To do it right, NWS needed a dynamic budgeting application that would let them enter all the costs for upgrading a weather forecast office, and then easily recalculate everything and keep it all in sync as the inevitable changes occurred on the project. They tried to do it with a spreadsheet at first, but quickly exceeded its capacity.

NWS decided to create their own budget database application, and they chose to build it with Advanced Revelation (AREV), the award-winning development environment for DOS. The main attraction was AREV's MultiValue architecture. McAuley points out that "MultiValue architecture lends itself very nicely to budget applications. You can easily put together all of the data you need, and then just as easily generate any kind of report you want. And of course, it's very flexible and easy to change. " 

Back in early days, NWS relied on a "sneaker-net" system to shuttle disks back and forth between regional offices and headquarters. By 1997, their budget application proved so successful that management wanted to expand its use beyond the modernization program to encompass the entire NWS budgeting process. Sneaker-net wasn't going to cut it anymore, so the time had come to put the application up on the Web.

But can you get a legacy application with a DOS database to integrate with Windows? You can if you're using Revelation Software!

Sprezzatura and Revelation Make It Easy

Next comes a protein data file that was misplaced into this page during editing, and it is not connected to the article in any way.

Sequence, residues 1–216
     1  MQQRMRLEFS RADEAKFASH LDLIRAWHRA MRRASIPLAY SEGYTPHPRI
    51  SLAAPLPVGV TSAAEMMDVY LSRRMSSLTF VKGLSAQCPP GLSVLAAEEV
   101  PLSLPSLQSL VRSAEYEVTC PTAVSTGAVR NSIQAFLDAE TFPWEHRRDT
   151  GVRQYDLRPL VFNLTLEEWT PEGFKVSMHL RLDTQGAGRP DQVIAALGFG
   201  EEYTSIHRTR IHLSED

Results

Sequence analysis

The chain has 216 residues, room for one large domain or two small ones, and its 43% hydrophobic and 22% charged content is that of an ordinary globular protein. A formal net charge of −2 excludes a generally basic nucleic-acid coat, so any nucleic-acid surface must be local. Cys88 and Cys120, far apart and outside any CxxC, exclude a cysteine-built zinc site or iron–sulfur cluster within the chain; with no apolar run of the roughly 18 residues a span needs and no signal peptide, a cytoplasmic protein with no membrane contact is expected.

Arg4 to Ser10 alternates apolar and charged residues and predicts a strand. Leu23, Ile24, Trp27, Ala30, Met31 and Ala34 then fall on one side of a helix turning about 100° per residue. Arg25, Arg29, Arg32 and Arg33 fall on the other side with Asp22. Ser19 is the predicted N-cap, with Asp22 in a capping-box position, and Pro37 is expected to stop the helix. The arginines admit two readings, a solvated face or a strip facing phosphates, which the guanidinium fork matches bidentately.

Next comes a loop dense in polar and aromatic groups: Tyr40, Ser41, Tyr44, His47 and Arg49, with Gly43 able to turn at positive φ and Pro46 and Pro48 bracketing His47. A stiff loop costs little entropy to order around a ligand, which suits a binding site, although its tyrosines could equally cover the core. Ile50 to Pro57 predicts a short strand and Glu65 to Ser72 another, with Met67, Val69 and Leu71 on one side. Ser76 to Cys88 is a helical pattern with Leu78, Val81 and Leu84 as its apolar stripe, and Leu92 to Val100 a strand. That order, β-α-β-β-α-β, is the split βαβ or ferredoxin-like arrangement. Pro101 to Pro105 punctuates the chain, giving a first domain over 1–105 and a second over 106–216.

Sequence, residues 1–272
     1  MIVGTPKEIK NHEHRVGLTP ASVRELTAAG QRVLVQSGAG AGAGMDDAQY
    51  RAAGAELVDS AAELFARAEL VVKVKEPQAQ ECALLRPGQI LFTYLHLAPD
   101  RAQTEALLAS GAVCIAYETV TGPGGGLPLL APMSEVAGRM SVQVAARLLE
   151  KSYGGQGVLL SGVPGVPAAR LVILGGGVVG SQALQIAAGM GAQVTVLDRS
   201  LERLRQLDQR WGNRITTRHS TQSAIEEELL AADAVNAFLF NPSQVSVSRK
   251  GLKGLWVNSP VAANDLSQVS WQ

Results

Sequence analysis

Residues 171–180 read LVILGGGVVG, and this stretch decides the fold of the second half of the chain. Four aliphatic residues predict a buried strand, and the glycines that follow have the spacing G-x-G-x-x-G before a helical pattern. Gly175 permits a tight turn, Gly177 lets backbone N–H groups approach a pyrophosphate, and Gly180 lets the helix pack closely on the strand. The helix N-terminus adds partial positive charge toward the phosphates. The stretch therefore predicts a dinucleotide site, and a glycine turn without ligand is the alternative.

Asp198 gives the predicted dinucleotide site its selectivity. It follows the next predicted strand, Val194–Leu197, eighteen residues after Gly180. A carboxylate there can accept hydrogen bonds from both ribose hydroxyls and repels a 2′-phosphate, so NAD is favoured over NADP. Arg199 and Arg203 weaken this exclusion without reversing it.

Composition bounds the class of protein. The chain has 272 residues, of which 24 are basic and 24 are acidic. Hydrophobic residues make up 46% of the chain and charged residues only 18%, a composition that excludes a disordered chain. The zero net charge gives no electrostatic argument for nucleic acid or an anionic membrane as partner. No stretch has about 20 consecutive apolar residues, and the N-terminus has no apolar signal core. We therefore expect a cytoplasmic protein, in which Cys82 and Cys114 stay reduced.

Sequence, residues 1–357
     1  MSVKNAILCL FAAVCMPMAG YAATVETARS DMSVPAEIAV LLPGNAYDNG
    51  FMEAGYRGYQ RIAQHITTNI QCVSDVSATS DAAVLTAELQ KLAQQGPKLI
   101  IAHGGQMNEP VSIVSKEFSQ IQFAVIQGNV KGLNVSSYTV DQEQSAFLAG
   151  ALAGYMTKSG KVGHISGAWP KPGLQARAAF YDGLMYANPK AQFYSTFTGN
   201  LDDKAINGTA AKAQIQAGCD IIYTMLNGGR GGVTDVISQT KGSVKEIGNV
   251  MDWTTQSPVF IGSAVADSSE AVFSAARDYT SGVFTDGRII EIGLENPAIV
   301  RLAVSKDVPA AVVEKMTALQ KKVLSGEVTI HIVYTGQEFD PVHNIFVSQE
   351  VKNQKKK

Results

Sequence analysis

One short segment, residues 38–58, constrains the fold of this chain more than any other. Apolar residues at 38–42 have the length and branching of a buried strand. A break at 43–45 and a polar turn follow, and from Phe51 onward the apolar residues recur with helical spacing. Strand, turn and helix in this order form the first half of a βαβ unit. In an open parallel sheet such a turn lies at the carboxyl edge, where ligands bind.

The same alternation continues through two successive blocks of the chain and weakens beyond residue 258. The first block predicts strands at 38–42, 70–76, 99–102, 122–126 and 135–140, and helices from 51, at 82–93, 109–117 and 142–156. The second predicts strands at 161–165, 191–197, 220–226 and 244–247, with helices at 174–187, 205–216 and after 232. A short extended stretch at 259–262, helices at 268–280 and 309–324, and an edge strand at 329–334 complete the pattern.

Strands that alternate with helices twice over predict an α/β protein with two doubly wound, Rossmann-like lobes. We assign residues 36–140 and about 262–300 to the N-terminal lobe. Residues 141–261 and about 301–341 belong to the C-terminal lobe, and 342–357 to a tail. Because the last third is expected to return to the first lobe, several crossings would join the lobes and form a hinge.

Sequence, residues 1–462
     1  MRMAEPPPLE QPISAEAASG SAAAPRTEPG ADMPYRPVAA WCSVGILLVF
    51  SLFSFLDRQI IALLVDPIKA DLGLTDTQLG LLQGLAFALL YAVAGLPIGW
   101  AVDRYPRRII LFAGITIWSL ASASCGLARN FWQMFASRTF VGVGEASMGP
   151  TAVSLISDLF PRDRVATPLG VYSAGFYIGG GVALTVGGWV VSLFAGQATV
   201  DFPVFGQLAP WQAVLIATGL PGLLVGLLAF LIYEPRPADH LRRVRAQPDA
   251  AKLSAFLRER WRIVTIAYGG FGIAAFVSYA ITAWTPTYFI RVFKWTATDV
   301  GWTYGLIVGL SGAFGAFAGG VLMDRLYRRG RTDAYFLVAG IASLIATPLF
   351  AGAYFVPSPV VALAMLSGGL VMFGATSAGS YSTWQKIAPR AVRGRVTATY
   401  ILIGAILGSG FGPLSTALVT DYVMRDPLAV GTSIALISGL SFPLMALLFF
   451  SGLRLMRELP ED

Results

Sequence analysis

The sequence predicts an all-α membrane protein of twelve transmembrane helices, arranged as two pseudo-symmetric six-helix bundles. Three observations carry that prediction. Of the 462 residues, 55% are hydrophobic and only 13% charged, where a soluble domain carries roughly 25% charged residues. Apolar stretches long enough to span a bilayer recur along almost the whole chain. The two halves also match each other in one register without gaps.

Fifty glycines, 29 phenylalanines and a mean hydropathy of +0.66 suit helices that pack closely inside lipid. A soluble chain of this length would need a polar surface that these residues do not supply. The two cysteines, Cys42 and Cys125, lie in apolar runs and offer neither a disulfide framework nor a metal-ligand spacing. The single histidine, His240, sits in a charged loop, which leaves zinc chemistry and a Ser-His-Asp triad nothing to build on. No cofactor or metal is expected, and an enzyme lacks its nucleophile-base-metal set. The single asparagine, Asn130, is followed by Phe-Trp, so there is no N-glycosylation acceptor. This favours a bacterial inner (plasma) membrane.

NWS contracted Sprezzatura to help them move onto the Web. "NWS did something smart," Andrew McAuley remembers. "They said, 'Our database does exactly what we need it to do, and our staff is quite happy using our familiar DOS application. So don't rewrite it in Oracle or anything else. Just use it as is, and move it incrementally towards Windows and the Web.' You can do that with Revelation.”

"One of the things that sets Revelation apart as a database is that the file structures employed by the DOS package are identical to the file structures employed by the Windows package," McAuley explained. "This means that while some people are still using the DOS based system, the new users are on the Windows based system – but they're all using the same data. It's not like we're duplicating or data warehousing it. They're actually taking the same data and using it at the same time. Traditionally, the big problem with these legacy-based apps is you say 'OK, we're going to rewrite this for you in Windows, and we're going to come back in and cut off the DOS based system.' But with Revelation, the DOS and the Windows version share data. I think that was the attraction for NWS – that they could incrementally move forward towards Windows, instead of having to do everything in one fell swoop."

Flexibility is another key benefit of a Revelation database. "It's a dynamic database," says McAuley, "and it can be dynamically added to or subtracted from as you're using it live. So when we worked on the web enablement for NWS, if we needed to update the application by adding extra fields or columns into the database structure, we could just keep using the system as we were developing on top of it. That meant there was no down time or complicated database maintenance. It just continued working as we added to it – and that always makes the client happy."

Sprezzatura and Revelation have been keeping clients happy for over 20 years. And with flexible solutions like OpenInsight, they'll keep them happy for many more years to come.